Like many families, we’ve spent the past eight weeks working from home. I have a minor heart condition that puts me in a “high-risk” category, so we pulled our two young children out of day care early. Each morning we wake to Groundhog Day. We play inside, we play outside, we eat and we take turns working at a makeshift desk in the bedroom. Weekdays and weekends merge, as if the colours of an earlier life have blended to a monotone blur.
Just a few months ago, my husband and I wrote our goals for the year in a little moleskin book. We had our work, our physical health and our family objectives neatly lined up ready for accomplishment. Each morning I charged off to the office determined to make the day count.
It’s almost impossible to be productive with children aged 2 and 4 at my feet demanding attention. For a while, I worried about how little I’d done at the end of each day. I felt stressed and tired, and noticed my temper cord stretching shorter than before. And so the days continued.
I’m sure you’ve noticed how targets that seemed important a month ago don’t matter now. Everyone’s grand plans for 2020 have tumbled. This virus forced us to throw out the goals and focus on getting through each day.
Once I accepted that a lot of what I wanted to achieve this year isn’t going to happen, I started to relax. I found light in our little family bubble and joy in small things like watching my kids jump in puddles at the park. Life isn’t about achieving goals. It’s taken this reset for me to grasp that.
Give up feeling guilty
If a paediatrician examined our parenting for a day, the report would be far from perfect. I’ve caved on my no weekday screen restrictions, our children wrestle and sometimes bite each other, and the lounge room floor is a sea of plastic toys, washing, the odd fragment of uneaten fruit and a cubby house constructed from chairs and sheets that’s always half collapsed.
When we went into this “social distancing” period I imagined myself taking the opportunity to teach my four-year-old how to read. I’d planned activities for us to do together; we’d have fun. It took one day to shatter my vision. Working from home is hard in the company of two young kids whose wants and needs are almost opposite from my own.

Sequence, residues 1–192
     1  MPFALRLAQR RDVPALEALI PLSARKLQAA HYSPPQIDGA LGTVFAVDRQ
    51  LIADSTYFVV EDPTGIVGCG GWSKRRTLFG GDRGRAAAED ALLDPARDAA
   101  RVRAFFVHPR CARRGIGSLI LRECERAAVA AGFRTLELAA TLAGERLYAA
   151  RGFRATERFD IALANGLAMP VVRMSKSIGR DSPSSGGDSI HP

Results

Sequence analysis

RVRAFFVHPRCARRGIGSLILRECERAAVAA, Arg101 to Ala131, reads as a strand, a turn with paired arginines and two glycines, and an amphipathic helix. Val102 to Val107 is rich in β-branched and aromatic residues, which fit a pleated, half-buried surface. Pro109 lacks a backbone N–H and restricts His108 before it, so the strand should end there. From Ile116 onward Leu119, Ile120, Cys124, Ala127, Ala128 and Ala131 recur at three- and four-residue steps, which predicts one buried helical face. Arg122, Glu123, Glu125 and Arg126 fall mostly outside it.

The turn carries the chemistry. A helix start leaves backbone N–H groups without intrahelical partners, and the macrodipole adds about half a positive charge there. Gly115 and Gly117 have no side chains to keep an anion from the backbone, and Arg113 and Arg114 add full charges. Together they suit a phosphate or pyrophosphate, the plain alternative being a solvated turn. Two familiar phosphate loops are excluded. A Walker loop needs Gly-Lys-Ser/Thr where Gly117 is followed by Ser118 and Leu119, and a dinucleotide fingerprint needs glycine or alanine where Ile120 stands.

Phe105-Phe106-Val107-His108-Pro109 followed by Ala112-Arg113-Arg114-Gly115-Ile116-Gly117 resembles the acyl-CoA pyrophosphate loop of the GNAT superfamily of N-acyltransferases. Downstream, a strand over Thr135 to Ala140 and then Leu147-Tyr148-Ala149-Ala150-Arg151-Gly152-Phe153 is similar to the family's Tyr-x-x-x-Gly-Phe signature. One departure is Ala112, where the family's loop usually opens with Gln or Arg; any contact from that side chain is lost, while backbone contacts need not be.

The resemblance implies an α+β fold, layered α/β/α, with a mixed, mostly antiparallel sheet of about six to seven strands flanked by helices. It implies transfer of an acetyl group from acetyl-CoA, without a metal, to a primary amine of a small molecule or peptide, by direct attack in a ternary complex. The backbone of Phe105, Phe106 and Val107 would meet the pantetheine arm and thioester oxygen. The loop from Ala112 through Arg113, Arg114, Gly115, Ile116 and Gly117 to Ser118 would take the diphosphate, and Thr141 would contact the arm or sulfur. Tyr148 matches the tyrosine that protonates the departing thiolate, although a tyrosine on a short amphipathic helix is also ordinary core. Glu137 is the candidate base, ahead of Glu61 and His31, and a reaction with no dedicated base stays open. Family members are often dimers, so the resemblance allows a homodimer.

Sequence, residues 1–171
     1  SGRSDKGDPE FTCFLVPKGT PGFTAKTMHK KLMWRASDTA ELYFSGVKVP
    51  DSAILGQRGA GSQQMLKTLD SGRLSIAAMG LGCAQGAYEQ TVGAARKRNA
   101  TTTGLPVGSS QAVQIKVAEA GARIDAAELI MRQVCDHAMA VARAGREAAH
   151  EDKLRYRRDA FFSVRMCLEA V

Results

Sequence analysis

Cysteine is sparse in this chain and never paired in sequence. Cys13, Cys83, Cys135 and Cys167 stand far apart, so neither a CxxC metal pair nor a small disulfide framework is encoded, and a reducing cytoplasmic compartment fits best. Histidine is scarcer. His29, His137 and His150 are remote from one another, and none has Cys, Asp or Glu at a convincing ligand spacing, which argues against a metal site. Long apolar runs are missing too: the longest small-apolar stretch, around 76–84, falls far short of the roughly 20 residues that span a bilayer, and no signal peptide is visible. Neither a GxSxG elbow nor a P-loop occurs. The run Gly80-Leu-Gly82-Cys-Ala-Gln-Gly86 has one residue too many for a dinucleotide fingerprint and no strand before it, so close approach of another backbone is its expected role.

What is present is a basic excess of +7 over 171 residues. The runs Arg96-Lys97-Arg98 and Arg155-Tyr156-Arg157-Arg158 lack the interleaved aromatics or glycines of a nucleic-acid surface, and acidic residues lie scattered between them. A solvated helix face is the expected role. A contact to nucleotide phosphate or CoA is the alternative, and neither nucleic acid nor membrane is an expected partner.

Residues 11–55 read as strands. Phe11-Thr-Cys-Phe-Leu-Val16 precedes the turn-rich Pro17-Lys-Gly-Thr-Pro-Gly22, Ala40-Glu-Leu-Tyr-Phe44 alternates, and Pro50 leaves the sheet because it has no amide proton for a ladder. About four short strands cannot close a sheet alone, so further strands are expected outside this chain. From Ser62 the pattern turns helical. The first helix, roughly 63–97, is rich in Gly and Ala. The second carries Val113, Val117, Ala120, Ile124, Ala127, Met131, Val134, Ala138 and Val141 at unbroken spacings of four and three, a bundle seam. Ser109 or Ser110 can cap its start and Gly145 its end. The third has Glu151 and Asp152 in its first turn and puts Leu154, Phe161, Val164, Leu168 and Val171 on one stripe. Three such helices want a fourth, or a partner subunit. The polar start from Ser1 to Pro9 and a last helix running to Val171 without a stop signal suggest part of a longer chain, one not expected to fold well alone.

At first, I felt guilty for turning on the television. I felt guilty when my four-year old burst into the room wanting to tell me something and I had to close the door because I was on a conference call. Then I realised that guilt is a wasted emotion: no good comes from it. We’re all doing our best, and our best is just fine.
Focus on the present
I’ve learnt to appreciate the preciousness of time. Each day, there are hours to play with children, a few hours when it’s my time to work and, when we’re lucky, an hour or two for my husband and I to spend together in the evening. Because the day is partitioned, I’ve learnt to be much more focused in each section. In my precious “work time” I try not to waste a second checking Facebook or news sites. And when I’m with the kids or hubby, it’s the same – every moment counts.
I’ve also noticed what I miss about life before. It isn’t the big things like achieving a business milestone or winning an award. It’s the everyday interactions with the guy at the cafe who makes my coffee and the woman at the gym who I wave to on the treadmill. It’s saying “hi” to other parents at daycare drop-off or chatting with a stranger on the train on my way into the city – all the people who add colour to my every day. I’ll never take those interactions for granted again.
Years ago, I learnt to meditate. The aim was always to be in the present, to be calm and to have perspective. I’d been practising trying to be present every morning and night as I sat repeating my mantra. But only now do I understand what it means. Being at home with nowhere to go, no plans to make and with two little companions who prevent me from being productive, all I can do is try to enjoy the moment. Going slow by force, not by choice, is much harder than I imagined.
I know I’m not the first to say that this virus is an awful situation. Some among us will lose so much more than I. I’m suggesting that when I look into my own isolated existence, there are some lessons I’ll take from the experience. I’ll make the most of each moment we have together as a family, and emerge on the other side with a fresh perspective.